And this is what, to me, the game is trying to tell us. Susan starts doing things besides merely existing. She takes on the world with all of its crazy people and kills some psychos along the way. Even though the Queen of Maggots is creepy and most likely not a good person, it gives Susan a purpose, a reason to live. Finding a purpose, establishing a goal, is something which has helped me with my depression.

Eliminating parasites is one of two major things which helps Susan overcome her depression, the other being friendship.

Mitzi and Susan both have darkness in their past and both deal with it over the course of the game but in completely different ways. Mitzi is never really depicted as having depression in the game, but her behavior fits the people I personally know with depression more so than Susan’s. In the game, I see two different types of depressed people.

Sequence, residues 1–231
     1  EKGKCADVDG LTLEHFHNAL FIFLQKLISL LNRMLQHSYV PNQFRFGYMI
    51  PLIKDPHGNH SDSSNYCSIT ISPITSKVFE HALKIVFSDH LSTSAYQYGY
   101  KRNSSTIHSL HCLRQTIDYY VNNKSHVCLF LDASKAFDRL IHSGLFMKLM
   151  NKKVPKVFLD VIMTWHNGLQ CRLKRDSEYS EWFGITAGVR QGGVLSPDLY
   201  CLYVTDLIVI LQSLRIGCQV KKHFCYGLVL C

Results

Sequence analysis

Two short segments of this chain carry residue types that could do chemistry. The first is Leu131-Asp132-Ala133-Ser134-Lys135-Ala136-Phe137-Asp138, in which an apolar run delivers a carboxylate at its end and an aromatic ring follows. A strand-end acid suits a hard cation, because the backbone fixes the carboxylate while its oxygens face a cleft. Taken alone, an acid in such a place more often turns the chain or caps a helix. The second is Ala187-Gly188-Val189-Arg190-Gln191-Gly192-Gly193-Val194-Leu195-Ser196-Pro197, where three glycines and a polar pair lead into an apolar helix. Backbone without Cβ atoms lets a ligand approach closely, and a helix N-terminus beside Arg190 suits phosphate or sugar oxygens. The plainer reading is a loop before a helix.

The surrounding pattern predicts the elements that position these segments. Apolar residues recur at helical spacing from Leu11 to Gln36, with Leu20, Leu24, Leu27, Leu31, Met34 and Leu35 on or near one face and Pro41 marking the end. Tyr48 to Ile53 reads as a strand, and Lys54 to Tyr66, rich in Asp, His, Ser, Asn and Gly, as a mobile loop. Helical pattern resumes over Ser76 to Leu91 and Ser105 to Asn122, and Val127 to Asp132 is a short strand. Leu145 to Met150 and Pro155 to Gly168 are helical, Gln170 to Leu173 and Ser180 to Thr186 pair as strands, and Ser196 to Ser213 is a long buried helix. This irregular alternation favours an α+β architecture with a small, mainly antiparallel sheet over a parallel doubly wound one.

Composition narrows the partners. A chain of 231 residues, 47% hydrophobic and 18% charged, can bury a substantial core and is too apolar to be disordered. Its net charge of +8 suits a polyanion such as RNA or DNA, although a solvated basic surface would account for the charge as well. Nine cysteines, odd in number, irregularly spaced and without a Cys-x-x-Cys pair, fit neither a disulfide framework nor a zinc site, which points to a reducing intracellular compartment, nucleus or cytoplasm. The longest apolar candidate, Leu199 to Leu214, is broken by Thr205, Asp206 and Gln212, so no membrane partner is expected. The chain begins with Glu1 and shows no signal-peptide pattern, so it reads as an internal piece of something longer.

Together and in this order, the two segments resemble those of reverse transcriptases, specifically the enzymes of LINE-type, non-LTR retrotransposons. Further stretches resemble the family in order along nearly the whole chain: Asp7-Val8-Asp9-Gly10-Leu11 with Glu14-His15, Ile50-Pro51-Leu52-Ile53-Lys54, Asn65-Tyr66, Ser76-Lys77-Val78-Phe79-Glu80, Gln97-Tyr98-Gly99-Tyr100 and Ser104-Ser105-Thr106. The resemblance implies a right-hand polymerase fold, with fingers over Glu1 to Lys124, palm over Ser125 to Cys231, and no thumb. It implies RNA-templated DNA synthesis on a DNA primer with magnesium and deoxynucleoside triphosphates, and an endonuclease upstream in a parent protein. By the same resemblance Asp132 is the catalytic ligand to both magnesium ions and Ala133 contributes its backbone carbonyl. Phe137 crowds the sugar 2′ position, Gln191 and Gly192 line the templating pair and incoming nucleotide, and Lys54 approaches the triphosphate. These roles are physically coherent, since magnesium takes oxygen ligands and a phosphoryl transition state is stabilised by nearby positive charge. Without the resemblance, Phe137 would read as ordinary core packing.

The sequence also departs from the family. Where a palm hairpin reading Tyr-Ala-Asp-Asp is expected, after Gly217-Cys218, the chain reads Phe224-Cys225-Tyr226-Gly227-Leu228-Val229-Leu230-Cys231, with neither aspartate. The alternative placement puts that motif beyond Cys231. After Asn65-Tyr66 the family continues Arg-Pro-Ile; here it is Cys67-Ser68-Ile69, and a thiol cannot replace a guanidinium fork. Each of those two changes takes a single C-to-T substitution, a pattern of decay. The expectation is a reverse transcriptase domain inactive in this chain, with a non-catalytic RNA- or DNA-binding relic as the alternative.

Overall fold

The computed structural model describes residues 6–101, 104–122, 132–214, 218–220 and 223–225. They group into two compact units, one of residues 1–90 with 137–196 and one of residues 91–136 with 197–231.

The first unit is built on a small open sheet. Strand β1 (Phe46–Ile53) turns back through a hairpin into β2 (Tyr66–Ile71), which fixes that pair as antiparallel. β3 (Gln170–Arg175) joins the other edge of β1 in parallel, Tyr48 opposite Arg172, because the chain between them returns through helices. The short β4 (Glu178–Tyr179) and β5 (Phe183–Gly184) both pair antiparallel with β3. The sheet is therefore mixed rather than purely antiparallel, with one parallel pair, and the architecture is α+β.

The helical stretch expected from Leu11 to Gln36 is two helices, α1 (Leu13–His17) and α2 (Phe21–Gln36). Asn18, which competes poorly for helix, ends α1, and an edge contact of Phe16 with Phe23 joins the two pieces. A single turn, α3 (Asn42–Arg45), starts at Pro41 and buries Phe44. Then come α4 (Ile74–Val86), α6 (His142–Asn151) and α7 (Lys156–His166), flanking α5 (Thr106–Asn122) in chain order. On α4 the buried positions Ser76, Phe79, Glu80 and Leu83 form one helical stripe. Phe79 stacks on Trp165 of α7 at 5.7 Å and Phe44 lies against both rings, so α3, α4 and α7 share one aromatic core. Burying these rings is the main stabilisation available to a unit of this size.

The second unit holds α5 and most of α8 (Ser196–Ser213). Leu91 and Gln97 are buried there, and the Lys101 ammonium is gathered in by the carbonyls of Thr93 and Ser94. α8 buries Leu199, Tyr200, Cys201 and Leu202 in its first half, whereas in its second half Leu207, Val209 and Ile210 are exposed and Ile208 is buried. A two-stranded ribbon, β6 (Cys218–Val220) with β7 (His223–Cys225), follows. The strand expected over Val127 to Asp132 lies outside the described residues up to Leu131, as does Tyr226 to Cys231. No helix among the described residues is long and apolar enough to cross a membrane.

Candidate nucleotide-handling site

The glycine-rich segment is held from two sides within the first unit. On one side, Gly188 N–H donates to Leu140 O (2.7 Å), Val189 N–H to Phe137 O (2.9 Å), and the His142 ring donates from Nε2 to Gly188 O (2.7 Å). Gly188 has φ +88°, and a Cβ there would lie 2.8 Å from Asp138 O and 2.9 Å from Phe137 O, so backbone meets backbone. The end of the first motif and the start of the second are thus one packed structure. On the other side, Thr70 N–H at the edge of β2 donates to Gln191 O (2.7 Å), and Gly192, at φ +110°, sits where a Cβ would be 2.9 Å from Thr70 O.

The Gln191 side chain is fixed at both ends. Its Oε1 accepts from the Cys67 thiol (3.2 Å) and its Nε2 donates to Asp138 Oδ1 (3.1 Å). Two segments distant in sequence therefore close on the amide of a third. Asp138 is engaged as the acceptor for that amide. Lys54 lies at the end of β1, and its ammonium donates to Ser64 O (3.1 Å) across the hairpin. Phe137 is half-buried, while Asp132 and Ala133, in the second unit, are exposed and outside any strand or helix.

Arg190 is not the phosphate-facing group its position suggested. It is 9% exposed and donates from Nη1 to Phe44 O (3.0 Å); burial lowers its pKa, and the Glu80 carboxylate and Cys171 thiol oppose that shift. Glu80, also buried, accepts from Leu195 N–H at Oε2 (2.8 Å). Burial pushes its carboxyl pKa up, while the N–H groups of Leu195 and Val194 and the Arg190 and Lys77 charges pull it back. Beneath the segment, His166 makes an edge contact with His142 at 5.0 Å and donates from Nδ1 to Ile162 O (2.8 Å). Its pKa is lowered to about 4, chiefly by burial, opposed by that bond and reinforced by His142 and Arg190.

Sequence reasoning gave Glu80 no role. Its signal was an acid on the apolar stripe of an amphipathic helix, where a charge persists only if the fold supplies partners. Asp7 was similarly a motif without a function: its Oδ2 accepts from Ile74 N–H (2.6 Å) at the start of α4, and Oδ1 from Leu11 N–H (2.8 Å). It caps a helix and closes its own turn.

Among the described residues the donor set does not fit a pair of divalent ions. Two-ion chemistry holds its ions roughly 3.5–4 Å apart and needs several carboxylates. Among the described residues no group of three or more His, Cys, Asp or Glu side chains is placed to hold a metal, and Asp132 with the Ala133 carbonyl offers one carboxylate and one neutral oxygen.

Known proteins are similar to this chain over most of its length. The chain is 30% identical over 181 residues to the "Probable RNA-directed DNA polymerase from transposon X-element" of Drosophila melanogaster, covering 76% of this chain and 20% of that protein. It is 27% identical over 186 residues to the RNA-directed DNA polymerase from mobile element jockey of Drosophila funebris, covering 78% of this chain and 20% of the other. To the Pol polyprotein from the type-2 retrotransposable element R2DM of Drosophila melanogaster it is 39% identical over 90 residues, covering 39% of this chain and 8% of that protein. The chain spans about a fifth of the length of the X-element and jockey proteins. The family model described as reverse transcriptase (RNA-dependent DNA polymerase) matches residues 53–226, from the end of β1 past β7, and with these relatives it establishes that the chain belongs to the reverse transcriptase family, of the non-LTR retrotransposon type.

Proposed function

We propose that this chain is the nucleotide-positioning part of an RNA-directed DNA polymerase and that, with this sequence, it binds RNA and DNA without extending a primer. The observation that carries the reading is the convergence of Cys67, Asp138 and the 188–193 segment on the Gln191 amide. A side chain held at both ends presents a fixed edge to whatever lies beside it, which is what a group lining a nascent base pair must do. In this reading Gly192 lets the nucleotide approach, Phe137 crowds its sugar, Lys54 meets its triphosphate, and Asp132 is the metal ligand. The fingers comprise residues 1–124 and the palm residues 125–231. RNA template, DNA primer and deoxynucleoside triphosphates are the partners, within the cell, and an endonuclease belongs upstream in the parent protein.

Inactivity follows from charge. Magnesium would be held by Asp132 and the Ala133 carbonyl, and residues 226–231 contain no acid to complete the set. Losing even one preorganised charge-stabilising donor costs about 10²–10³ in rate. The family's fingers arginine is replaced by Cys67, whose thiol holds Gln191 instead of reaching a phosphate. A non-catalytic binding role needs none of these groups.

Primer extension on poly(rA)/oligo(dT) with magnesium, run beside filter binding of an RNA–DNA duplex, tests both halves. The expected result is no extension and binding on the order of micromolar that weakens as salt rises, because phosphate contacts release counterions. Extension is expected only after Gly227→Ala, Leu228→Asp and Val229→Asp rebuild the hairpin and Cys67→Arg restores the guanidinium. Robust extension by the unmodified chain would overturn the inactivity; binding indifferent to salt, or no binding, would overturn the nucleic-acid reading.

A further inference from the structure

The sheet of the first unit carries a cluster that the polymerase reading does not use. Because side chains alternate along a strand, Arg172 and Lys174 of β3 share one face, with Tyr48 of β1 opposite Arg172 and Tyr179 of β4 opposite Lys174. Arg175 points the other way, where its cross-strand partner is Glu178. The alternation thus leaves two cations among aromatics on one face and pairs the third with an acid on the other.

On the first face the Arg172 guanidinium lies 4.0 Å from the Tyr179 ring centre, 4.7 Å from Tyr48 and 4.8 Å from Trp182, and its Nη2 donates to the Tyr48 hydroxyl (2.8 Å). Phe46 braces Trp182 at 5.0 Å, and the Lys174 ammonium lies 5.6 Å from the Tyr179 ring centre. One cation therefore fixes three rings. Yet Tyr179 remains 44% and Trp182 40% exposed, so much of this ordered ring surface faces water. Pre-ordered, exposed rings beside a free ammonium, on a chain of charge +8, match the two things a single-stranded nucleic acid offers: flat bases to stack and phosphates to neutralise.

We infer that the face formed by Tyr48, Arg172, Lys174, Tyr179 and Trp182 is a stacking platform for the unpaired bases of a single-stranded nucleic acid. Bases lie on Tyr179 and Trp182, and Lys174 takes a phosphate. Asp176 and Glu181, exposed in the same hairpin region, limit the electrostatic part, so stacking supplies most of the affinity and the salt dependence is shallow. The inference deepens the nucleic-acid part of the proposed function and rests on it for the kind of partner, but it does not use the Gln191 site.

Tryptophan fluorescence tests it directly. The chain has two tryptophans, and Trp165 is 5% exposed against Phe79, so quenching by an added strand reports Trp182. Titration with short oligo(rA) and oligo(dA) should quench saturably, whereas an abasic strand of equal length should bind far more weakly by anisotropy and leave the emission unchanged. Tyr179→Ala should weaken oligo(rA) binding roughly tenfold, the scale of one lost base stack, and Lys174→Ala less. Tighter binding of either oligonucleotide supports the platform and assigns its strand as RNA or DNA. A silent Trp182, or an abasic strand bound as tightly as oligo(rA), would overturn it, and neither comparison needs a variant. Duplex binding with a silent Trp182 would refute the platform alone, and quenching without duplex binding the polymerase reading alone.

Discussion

Mitzi has terminal cancer and does not expect to live long. She is on a journey of revenge for the death of her boyfriend, who took his own life after being brainwashed and convinced by the Eye of Adam, a user on an Internet suicide support forum. Whereas Susan finds purpose in her life to help improve herself, Mitzi is after revenge. Her personality is sarcastic but bubbly. She comes off as optimistic in contrast to Susan’s pessimism but it is just a ruse, unveiled in the final scene of the game. Whereas Susan hides her depression by choosing to avoid personal contact by secluding herself, Mitzi hides her depression by only letting people see what they want to see: an optimistic, happy person. The end result is the same, we have two people dealing with hurtful pasts that push people away, as evident of Mitzi having 250-ish Facebook friends but still turning to a stranger for help.